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Officials at the Department for Work and Pensions (DWP) knew by mid-2012 of issues with Universal Credit that could cause the welfare reform to be delayed and run over budget, and yet continued to insist for at least a year that the controversial project was not experiencing problems.
The status of the programme in 2012 has been revealed by documents released under freedom of information (FoI) laws after a four-year legal battle by independent project manager John Slater. DWP had argued in court that the risk register and issues log should be kept secret, until a tribunal in March 2016 ruled they should be released.
The Universal Credit issues log shows reviews conducted in the first week of May 2012 that raised warnings over a lack of resources, commercial arrangements and costs.
The document says that a “resource shortfall” means that skilled staff were “not in the right place at the right time”, which was flagged as a “red” status warning.
“Lack of skilled resource will affect successful delivery of the Universal Credit programme to planned timescales,” said the issues log, with a review date of 3 May 2012.
A red warning was also given to commercial issues. “Commercial activity and processes required to support contractual deliverables are affecting the programme’s capability to deliver,” it said, also reviewed on 3 May 2012.
Among the actions proposed to resolve this issue were the need to replace the security team working on Universal Credit, and a warning that “all commercial key areas are affected”.
Cost problems were raised as an “amber/red” status warning: “A number of areas are pushing above the programme funding envelope for SR10 [Spending Review 2010]. As a result, the UC Programme Business Case may be affected,” said the issues log.
The actions proposed for resolution included targeting sign-off for the business case by July 2012. The Strategic Outline Business Case for Universal Credit was finally approved by HM Treasury in September 2014. The Full Business Case is not due to be approved until the end of 2017.
Read more about Universal Credit
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- An early plan drawn up by the Department for Work and Pensions for its Universal Credit scheme reveals unrealistic ambitions for the troubled project.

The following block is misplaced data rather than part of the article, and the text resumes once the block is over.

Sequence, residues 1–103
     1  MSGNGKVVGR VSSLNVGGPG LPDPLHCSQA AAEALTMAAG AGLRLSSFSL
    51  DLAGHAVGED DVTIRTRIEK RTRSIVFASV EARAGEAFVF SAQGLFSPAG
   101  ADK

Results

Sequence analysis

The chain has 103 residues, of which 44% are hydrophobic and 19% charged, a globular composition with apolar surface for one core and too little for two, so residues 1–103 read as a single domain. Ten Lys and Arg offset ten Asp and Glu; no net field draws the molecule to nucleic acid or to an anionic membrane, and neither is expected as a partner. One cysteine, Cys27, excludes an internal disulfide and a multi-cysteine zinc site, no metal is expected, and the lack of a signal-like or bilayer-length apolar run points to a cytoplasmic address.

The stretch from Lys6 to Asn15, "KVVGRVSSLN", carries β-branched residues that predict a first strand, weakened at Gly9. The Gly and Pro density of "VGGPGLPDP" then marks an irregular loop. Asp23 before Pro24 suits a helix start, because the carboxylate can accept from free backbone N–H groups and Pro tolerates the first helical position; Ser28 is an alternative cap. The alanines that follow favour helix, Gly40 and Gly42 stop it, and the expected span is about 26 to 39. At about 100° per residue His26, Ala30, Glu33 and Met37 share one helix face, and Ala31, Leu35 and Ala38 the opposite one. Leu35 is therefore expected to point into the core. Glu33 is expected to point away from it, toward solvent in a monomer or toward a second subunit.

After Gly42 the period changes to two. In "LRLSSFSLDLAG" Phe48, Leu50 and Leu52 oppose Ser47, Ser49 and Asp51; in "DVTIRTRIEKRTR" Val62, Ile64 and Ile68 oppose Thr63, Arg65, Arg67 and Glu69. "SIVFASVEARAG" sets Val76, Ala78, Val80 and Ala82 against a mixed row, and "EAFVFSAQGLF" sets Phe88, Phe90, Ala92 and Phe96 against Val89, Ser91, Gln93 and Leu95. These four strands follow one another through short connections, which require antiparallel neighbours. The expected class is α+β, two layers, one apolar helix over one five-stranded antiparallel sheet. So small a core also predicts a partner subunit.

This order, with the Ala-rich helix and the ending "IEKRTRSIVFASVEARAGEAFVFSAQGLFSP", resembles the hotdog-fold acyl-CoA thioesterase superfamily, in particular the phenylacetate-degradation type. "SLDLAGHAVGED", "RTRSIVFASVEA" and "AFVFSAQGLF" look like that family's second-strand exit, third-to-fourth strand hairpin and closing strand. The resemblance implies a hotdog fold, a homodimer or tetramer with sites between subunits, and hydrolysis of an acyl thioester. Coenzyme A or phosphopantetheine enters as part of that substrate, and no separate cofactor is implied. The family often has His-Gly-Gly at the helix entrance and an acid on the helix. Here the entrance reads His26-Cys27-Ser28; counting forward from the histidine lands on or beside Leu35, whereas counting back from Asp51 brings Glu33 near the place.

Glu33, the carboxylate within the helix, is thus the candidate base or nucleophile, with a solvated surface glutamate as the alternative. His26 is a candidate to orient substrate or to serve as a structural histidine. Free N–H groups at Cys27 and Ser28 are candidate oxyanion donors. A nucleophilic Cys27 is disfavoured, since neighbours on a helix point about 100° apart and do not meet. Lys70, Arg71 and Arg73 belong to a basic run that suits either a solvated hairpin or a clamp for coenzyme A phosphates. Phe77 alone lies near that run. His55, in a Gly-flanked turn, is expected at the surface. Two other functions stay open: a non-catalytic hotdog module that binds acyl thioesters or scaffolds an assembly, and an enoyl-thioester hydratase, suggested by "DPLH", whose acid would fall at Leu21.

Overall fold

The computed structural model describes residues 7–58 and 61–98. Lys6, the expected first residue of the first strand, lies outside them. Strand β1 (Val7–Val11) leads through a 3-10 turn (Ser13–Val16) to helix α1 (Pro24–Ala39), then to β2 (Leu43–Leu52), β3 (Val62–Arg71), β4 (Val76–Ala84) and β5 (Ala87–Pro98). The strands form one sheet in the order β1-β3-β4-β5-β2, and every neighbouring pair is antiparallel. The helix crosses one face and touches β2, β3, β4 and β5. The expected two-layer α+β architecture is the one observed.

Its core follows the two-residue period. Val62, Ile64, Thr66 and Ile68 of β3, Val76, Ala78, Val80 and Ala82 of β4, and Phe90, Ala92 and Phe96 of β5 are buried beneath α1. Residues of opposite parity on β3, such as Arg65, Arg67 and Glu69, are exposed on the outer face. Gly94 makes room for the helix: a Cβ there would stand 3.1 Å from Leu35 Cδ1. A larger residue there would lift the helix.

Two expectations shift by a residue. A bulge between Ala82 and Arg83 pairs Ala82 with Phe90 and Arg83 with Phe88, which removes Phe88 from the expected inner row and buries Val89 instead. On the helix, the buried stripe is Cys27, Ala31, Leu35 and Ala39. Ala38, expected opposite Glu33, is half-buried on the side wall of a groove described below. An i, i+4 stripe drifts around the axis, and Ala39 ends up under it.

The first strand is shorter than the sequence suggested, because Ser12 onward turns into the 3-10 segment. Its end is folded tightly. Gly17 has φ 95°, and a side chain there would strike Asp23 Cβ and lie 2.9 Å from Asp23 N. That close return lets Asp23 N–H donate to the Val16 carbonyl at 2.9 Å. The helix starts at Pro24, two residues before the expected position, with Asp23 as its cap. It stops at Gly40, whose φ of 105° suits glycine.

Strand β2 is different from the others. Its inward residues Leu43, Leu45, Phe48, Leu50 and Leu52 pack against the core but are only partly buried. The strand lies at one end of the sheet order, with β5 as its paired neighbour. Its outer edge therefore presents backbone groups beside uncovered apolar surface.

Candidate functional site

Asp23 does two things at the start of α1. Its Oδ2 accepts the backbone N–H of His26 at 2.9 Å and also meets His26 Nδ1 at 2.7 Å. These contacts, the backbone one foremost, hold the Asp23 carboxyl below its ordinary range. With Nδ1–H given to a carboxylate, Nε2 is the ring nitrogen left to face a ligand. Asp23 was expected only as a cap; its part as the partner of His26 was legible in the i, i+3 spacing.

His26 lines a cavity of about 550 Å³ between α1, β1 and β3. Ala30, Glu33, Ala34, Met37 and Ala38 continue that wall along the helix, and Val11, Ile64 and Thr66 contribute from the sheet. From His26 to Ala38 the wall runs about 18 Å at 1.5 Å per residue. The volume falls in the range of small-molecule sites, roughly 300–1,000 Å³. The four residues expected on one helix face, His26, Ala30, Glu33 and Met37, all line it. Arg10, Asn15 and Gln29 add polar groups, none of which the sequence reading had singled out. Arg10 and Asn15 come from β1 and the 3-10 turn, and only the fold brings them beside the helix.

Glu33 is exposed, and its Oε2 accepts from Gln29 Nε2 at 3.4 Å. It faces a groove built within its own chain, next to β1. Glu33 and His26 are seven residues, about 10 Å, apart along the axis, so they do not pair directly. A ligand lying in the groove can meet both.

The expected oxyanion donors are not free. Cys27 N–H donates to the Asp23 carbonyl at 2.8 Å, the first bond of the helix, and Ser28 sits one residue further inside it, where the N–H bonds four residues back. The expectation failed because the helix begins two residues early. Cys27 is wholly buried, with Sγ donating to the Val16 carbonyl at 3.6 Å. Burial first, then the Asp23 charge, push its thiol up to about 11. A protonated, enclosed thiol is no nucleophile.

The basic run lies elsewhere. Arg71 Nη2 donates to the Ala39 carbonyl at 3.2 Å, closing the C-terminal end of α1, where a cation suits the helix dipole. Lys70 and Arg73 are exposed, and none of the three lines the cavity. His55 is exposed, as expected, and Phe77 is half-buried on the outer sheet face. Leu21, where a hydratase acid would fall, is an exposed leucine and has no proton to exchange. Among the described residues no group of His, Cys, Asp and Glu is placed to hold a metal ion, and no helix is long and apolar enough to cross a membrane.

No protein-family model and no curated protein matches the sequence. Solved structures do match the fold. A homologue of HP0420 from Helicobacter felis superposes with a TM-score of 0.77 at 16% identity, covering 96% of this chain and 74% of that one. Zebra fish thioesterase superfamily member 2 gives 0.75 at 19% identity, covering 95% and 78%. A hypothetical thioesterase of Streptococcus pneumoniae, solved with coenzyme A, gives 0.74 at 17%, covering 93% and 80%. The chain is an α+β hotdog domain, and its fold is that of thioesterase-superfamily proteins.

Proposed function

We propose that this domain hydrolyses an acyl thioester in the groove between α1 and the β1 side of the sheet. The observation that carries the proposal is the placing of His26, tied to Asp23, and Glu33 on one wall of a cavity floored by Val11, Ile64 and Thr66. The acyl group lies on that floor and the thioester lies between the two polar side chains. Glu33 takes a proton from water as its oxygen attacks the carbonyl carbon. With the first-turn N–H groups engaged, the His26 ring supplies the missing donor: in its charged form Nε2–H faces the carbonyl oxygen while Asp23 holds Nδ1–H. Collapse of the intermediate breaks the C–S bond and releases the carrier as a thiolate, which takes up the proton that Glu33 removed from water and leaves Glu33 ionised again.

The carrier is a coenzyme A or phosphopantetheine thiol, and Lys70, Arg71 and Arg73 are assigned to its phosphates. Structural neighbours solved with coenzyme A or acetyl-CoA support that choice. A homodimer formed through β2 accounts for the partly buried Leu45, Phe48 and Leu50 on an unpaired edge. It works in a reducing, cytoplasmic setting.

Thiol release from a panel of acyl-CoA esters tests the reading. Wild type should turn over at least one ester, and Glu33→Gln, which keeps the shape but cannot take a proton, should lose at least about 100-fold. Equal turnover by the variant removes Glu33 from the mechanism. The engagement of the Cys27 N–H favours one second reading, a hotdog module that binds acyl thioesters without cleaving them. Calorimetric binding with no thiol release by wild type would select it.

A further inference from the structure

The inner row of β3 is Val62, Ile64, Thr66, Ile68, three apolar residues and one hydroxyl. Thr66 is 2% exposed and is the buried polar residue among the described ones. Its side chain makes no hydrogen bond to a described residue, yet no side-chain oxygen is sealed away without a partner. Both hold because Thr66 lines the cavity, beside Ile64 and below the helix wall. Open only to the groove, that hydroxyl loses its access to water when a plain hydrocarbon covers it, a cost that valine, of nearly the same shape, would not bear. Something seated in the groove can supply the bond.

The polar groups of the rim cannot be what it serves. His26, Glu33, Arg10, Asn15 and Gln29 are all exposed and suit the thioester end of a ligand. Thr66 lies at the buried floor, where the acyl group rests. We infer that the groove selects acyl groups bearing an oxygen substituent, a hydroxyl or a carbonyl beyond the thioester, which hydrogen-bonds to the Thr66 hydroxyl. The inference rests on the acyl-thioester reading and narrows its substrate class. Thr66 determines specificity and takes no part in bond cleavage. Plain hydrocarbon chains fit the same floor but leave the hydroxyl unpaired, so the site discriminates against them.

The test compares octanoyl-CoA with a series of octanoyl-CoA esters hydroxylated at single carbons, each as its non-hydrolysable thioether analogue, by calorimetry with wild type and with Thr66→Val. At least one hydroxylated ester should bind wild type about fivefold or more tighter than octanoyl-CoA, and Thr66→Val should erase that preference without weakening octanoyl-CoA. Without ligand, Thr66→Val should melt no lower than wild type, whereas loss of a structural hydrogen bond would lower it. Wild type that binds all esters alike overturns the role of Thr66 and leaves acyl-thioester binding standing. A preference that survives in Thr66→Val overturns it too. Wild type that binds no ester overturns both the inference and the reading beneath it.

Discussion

- Figures reveal 20% increase in lifetime cost since changes to Universal Credit made to ‘reset’ the troubled welfare reform programme.
The 2012 issues log also flags “amber” status problems with quality assurance: “There is not a robust framework of assurance across the programme. As a result, we may be building in rework at a later point in time if we subsequently identify that our products (IT and business) and processes do not meet the required level of quality, policy and strategic intent, and are not fit for purpose,” it said.
In September 2013, a highly-critical National Audit Office (NAO) report revealed that at least £130m of IT work would have to be written off by the time Universal Credit finally goes fully live.
The issues log also details a number of proposed resolutions to the problems highlighted, but it is not clear from the document which of those were subsequently completed. The documents represent a snapshot of the project at a particular point in time.
The DWP pointed out that the documents are nearly four years old and said they have no bearing on how the programme is running today. The department said the documents demonstrate staff actively thinking through and managing potential problems or risks to the programme on a daily basis.
"Universal Credit is revolutionising the welfare system and this type of planning is normal and sensible for a project of this scale. These documents are nearly four years old and out of date. The reality is Universal Credit will be available in every jobcentre across the country by the end of the month and claimants are moving into work quicker and earning more than under the old system," said a DWP spokesperson.
Problems and delays
Despite the warnings over cost and timescales in 2012, DWP officials and ministers continued to state that Universal Credit was on time and budget until the NAO report in September 2013 revealed that the project had been “reset” that year to address the numerous technical problems and delays.
In November 2012, DWP responded to reports of problems caused by software issues by telling Computer Weekly: “Universal Credit will be rolled out nationally from October 2013 as planned, and we’ve been clear that people will come onto the new benefit gradually. We are bound by the budget we have been set, and remain on track to deliver Universal Credit within that budget.”
In July 2013, the then director general of the programme, Howard Shiplee, told the Work and Pensions Select Committee that reports of problems with the project were not true. “The existing systems that we have are working, and working effectively,” he told members of Parliament at the time.
The national roll-out of Universal Credit finally started in February 2015, but using an IT system that will largely be replaced by the time the programme is fully live for all benefit claimants. A new, digital system for Universal Credit is currently being trialled in a few London locations, ready for national roll-out to begin in May 2016.
Universal Credit is likely to be in place for all benefit claimants by 2019. A programme plan for the project in April 2012 – released in 2015 as part of John Slater’s FoI campaign – showed that the DWP was at that time targeting a “go-live” date of 28 October 2013.